Dive Deeply into Indonesia’s Forests through Manggala Wanabakti Forestry Museum

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The forest diorama located in the lobby building, gives a different nuance to the existence of artificial animals and woods depict the ecosystem like a real forest. (photo: IO/Aldo)

IO, Jakarta – The Manggala Wanabakti National Forestry Museum is the only museum of its type in Greater Jakarta, standing for the hope of foresters who require comprehensive forestry information, one which serves as a documentary center recording the history of forests in Indonesia; it is a source of various types of knowledge related to forestry. With its interesting information and unique forest diorama, this museum is recommended highly as a place for you to spend a quiet weekend.

The 1,466 square meter museum was inaugurated on 24 August 1983 by the late President Soeharto. Its vision and mission is to serve as an information and documentation centre of forests and forestry in Indonesia. It is located in the Ministry of Forestry complex, next to the House of Representatives and People’s Council of Representatives’ (MPR and DPR) building.

Even though it is located in the center of Jakarta, not many people are aware of the museum’s existence. Other than its nondescript building, its signage, which should be prominently visible from the road, is too simple, placed negligently at a crossroads, so that by-passers don’t even notice it.

In line with its name, the Manggala Wanabakti Forestry Museum showcases everything about the nation’s forests. The museum has a collection of the types of wood obtained from Indonesian forests, such as teak, meranti, etc. Various items made of forest produce are also found. These collections are placed and packaged in such a way as to rouse visitors’ interest. Museum visitors can explore Indonesia’s forests through dioramas on the ground floor, after being welcomed by a ‘speaking tree’ – a 336-year-old teak – when they sign in the guest book.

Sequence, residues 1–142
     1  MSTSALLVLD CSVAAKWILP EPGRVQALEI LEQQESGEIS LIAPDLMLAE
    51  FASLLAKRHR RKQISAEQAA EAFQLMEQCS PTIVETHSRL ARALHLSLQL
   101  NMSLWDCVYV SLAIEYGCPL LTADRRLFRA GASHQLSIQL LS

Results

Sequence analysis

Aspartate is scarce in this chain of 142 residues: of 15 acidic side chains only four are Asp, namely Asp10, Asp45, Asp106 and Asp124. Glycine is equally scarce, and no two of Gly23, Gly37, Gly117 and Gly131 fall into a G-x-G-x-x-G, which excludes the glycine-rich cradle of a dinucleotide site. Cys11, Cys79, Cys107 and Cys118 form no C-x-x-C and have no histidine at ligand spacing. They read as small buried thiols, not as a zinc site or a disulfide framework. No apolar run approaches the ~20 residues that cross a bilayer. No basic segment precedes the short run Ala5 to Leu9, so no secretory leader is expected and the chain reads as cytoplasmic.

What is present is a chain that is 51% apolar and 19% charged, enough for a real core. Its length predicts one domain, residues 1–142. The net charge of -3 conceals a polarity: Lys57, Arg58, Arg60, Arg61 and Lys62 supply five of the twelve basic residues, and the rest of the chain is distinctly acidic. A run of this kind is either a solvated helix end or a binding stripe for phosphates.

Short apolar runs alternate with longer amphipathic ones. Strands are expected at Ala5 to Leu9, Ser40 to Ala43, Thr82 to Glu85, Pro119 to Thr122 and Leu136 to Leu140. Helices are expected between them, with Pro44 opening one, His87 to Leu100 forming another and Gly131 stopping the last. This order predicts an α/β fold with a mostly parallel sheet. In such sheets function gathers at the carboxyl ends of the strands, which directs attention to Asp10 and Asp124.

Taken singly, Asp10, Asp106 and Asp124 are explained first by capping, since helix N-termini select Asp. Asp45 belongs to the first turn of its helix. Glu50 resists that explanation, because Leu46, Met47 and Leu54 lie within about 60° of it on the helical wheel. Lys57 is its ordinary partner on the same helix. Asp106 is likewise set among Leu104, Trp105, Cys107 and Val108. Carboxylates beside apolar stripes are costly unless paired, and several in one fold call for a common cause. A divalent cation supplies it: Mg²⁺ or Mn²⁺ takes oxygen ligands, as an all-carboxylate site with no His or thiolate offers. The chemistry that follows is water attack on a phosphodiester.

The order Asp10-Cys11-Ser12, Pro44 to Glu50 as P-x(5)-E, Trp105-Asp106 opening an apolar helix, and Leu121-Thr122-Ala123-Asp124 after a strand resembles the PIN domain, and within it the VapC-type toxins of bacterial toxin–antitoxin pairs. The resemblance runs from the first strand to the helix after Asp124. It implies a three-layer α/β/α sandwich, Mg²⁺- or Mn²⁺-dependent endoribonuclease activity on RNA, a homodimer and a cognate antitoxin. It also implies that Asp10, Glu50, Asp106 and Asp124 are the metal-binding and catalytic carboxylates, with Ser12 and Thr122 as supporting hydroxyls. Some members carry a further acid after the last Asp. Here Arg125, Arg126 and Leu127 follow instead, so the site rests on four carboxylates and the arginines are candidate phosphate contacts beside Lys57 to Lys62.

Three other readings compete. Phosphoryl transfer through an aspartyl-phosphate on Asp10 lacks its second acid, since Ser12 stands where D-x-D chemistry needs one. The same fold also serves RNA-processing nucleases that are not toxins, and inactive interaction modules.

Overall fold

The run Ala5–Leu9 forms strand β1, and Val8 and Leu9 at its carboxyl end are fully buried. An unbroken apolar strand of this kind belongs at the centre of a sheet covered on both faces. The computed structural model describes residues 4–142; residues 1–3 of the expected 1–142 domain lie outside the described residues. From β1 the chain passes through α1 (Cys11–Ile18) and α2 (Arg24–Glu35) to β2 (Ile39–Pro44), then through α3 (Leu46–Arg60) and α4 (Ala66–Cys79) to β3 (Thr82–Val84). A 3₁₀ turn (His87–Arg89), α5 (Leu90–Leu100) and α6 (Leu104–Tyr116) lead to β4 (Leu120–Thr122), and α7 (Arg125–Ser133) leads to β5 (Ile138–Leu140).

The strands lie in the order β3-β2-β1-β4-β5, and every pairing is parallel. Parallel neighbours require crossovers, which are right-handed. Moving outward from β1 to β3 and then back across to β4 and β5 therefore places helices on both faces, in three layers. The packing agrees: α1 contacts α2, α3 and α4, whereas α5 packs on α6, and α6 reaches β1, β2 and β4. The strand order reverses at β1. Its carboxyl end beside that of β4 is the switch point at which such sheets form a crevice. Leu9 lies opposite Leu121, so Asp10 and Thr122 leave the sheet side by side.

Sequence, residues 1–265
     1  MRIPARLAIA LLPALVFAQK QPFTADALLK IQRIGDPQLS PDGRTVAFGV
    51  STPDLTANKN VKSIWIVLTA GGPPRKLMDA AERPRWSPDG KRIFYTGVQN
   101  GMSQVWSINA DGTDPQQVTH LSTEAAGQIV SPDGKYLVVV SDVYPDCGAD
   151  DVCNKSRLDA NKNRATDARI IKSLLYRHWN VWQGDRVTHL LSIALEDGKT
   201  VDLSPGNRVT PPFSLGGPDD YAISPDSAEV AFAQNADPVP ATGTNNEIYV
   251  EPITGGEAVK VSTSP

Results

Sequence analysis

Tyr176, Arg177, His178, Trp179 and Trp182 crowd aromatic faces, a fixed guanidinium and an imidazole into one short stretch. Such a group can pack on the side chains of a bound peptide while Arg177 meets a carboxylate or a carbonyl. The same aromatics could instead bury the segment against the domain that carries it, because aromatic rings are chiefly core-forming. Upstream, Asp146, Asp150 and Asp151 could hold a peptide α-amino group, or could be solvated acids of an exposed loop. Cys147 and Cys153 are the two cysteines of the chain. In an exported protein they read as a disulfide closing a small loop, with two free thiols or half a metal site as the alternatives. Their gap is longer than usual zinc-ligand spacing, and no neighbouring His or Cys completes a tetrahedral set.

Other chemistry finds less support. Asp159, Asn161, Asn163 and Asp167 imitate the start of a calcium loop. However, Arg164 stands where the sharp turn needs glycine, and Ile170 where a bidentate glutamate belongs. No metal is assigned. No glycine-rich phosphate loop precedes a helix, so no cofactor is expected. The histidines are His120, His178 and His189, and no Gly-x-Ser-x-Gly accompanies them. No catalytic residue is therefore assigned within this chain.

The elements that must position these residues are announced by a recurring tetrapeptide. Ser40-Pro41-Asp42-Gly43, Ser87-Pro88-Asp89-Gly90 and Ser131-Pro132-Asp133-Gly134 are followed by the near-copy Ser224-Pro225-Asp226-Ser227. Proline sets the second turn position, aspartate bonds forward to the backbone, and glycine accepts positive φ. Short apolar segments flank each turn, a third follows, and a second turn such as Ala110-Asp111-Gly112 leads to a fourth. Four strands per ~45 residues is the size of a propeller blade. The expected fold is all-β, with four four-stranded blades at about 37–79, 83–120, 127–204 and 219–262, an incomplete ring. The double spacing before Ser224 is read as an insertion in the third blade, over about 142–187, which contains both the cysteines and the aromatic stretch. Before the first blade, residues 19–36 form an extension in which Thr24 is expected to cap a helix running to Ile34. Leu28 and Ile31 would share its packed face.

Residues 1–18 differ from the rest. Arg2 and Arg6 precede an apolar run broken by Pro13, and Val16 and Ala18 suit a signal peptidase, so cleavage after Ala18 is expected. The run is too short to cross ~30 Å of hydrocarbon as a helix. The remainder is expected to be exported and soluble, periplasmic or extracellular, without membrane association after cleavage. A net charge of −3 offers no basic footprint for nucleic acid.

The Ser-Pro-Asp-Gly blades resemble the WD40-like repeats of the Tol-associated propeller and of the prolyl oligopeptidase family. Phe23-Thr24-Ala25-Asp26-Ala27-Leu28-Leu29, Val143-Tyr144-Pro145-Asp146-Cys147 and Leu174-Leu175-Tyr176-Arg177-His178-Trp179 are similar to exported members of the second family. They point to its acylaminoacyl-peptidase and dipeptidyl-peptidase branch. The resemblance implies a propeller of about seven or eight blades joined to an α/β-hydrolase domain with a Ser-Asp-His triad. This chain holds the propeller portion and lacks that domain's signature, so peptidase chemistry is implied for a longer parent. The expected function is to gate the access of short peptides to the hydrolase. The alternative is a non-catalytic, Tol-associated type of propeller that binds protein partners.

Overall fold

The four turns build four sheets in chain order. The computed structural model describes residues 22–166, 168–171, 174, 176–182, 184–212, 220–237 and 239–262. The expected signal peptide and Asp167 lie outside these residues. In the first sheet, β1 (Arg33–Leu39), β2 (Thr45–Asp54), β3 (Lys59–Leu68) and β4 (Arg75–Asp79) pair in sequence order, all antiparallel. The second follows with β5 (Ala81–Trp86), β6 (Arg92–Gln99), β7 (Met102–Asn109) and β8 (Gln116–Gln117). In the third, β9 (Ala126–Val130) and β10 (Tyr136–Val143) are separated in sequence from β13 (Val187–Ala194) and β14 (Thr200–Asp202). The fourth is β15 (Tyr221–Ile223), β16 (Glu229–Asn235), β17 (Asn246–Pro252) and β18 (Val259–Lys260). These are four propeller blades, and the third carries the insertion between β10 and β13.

In spite of the displays of forest produce and pieces of felled trees, another section implores us to maintain and preserve the forest and make sensible use of its products. The two-storied museum displays different information on each of its floors. There is a smaller collection on the upper floor than on the ground floor, containing photographs of the various types of forests in Indonesia, along with necessary information. The upper floor also contains a library and information center.

Another unique point of the Manggala Winabakti Forestry Museum is its ‘museum within a museum’. The ground floor has a small room that serves as a mini museum, the Rimbawan Pejuang (‘Warrior Forester’) Museum. The small room does not have much on display – only photos of veteran fighters, copies of their commendation certificates, and books about them.

The museum has a collection of 736 forest history artefacts, on display both inside and outside of the building. The ones indoor are organized in 9 glass cases and 5 dioramas of Indonesian forests: a natural forest, a teak forest, a pine forest, an agathist forest and a mangrove forest, complete with reproductions of the animals inhabiting these forests.

The Manggala Wanabakti Forestry Museum collections are displayed according to theme: Planning, Revegetation and Rehabilitation, Exploitation, Wood Processing Industry, Ceremonial Artefacts, and Planning Forestry Artefacts. This arrangement provides direction and guidance for transparent, responsible, participative, and integrated forestry management, one that considers regional characteristics and aspirations as per Law No. 41 year 1999 concerning Forestry.

It is a pity that the Manggala Winabakti Forestry Museum seems ignored by the Government. This is obvious from the dated and tired overall appearance of the museum, especially the aging photo diorama on the upper floor and the insufficient overall lighting. Also, few people seem to be aware that the Manggala Winabakti Forestry Museum even exists.

The Manggala Winabakti Forestry Museum is a quaint site that specializes in forestry. It brings more knowledge, specifically about forestry, to the public, unlike other museums that display historical and cultural items. Furthermore, admission is free. Therefore, you only gain something and lose nothing by visiting the Museum, which is open Monday-Friday, 09.00 a.m.-15.30 p.m.

(Muhammad Akbar)